Tell A Tale in 500 Words

Synthflowers By Robert Grossmith

The new energy field finally came onstream today. I took the kids down to have a look, seeing as how it's such an historic occasion.

'This is the future, guys,' I told them. 'Better get used to it. Soon the whole world will look like this.'

I found myself thinking back to the wind farms of my childhood on the Norfolk coast. What an eyesore they were – noisy too – barely an improvement on the electricity pylons that preceded them, a real blot on the landscape. But I suppose the renewables revolution had to start somewhere. And now, at last, we've rid ourselves of that age-old bugbear, energy dependency.

You've got to admit, the new grid is pretty impressive. Hard to believe the whole town can be powered by just one field of synths. And of course they're so realistic-looking, the way they turn silently to track the sun across the sky, even though real sunflowers don't actually do that, so in some ways the synths are an improvement on nature. We even saw a few birds swooping down to check out the new flora before they realized they contained nothing edible and flew away disappointed.

Needless to say, the protesters were out in force to voice their opposition to the big switch-on. Banners, placards, chanting, token acts of violence directed at the high perimeter fence. What is it with these people? Have they got nothing better to do?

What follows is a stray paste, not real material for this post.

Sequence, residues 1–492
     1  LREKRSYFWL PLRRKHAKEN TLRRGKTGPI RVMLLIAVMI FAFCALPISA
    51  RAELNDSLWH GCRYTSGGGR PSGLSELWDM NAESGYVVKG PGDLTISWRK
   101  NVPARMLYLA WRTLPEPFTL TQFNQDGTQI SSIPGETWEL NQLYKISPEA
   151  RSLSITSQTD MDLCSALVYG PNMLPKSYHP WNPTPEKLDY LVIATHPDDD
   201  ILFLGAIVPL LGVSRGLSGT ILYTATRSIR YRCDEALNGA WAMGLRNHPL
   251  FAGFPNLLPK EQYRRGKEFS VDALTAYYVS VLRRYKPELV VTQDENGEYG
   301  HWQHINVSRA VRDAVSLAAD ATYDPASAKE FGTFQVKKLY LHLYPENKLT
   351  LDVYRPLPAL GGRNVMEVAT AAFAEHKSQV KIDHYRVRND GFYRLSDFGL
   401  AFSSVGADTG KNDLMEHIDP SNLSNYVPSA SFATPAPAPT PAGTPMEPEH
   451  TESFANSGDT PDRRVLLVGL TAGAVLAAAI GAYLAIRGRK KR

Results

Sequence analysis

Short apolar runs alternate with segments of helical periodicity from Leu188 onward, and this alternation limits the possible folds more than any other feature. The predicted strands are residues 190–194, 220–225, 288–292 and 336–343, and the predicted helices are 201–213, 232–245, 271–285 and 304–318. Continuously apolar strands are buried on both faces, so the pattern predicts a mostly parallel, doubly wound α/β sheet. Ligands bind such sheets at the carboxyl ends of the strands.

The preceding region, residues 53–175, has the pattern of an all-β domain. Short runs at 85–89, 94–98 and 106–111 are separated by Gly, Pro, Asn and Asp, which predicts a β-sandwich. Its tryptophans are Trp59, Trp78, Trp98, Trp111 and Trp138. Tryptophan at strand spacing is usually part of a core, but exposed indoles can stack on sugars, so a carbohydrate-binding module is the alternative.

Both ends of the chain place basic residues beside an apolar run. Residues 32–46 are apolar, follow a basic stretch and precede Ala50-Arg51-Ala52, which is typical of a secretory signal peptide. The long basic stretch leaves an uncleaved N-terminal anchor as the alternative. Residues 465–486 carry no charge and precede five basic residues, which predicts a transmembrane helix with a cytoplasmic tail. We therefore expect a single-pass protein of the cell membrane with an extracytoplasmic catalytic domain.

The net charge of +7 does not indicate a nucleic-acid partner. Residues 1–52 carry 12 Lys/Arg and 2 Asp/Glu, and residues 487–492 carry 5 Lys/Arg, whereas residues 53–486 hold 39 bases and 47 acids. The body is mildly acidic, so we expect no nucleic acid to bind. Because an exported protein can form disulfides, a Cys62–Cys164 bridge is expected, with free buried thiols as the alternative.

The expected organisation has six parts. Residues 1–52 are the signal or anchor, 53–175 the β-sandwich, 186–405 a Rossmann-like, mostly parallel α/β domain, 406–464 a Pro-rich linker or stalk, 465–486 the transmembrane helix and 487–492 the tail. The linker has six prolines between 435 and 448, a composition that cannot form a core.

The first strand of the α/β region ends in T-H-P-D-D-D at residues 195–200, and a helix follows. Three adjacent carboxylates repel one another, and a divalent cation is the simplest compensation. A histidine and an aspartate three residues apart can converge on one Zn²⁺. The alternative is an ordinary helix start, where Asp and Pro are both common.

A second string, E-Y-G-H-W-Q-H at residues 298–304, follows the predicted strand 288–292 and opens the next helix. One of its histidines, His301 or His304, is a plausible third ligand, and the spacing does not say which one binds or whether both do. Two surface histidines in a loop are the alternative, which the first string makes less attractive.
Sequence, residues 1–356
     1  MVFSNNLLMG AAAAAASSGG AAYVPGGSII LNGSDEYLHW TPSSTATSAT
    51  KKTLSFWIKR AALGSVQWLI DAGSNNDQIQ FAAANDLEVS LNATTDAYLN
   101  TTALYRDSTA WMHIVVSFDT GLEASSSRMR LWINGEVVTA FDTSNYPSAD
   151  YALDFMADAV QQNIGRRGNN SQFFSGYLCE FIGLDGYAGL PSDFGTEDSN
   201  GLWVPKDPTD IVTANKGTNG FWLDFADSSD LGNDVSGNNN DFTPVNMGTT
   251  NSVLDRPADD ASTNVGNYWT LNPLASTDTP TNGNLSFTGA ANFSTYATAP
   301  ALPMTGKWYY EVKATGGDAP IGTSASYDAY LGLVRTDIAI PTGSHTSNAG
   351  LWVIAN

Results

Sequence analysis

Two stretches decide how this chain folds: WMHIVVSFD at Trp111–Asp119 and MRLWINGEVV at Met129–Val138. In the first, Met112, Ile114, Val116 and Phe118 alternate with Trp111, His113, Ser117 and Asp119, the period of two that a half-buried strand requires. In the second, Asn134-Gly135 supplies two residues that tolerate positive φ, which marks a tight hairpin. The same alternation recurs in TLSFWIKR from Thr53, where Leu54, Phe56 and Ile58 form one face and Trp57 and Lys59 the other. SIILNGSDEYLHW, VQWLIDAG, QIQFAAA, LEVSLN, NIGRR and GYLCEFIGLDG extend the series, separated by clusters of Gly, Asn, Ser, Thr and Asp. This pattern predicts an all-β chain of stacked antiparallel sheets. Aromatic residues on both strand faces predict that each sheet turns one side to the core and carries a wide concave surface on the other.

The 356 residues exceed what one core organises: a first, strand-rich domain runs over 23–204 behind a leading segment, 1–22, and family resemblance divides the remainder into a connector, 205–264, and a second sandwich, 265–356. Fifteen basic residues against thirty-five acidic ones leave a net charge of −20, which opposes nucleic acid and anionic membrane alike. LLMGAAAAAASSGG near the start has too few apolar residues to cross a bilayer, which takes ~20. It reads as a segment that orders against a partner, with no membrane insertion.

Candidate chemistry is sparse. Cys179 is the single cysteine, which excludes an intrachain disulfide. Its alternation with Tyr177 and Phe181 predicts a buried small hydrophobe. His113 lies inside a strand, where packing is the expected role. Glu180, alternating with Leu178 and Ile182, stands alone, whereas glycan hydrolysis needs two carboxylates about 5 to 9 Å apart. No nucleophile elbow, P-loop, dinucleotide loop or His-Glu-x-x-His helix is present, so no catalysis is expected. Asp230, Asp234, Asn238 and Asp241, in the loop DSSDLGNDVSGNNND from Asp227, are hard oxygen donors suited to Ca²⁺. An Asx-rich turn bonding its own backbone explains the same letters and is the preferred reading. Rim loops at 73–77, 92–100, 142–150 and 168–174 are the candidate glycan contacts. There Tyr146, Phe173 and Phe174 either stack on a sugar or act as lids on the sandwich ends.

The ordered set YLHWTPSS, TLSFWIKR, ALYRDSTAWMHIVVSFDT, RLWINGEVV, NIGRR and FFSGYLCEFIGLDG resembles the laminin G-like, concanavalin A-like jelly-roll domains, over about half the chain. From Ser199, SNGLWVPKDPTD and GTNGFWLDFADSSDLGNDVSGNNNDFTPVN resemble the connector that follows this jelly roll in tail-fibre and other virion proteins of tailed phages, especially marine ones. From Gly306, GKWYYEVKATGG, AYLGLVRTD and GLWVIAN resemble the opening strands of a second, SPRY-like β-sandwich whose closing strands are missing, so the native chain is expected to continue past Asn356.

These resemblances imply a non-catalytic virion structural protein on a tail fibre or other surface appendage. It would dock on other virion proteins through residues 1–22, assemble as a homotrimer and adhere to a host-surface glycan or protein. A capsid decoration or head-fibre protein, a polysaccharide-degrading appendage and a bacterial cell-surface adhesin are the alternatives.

Fair enough, no one wanted to see that stand of ancient woodland destroyed, but don't forget that many of those trees, the ash and beech in particular, were likely as not threatened by disease and probably wouldn't have survived more than another few years. Anyway, as I understand it, there are plans to create a large synth plantation on the outskirts of town, which visitors will pass through when they exit the new uberway, so really, when all's said and done, what is there to gripe about?

In fact I said as much to one of the protesters, a big hairy guy with protruding eyeballs, who was bellowing in my ear and frightening the kids. But he was having none of it.

'Do you really want your children to grow up in a world where they never get to smell a real flower,' he said, 'never get to climb a real tree, never get to hear the buzz of a real honey bee?'

'To be honest I'm not that fussed,' I said, 'long as we've got those new robo-bees to pollinate the crops. At least bots don't sting you.'

I ushered the kids away before it all turned ugly. The last thing I saw, looking over my shoulder as we departed the scene, was a small flock of assault drones circling menacingly overhead.

'Don't worry, they're here to protect us,' I told the kids. 'To nip any disorder in the bud.'

They looked at each other, then at me, with blank stares. 'What's a bud?' they both said.

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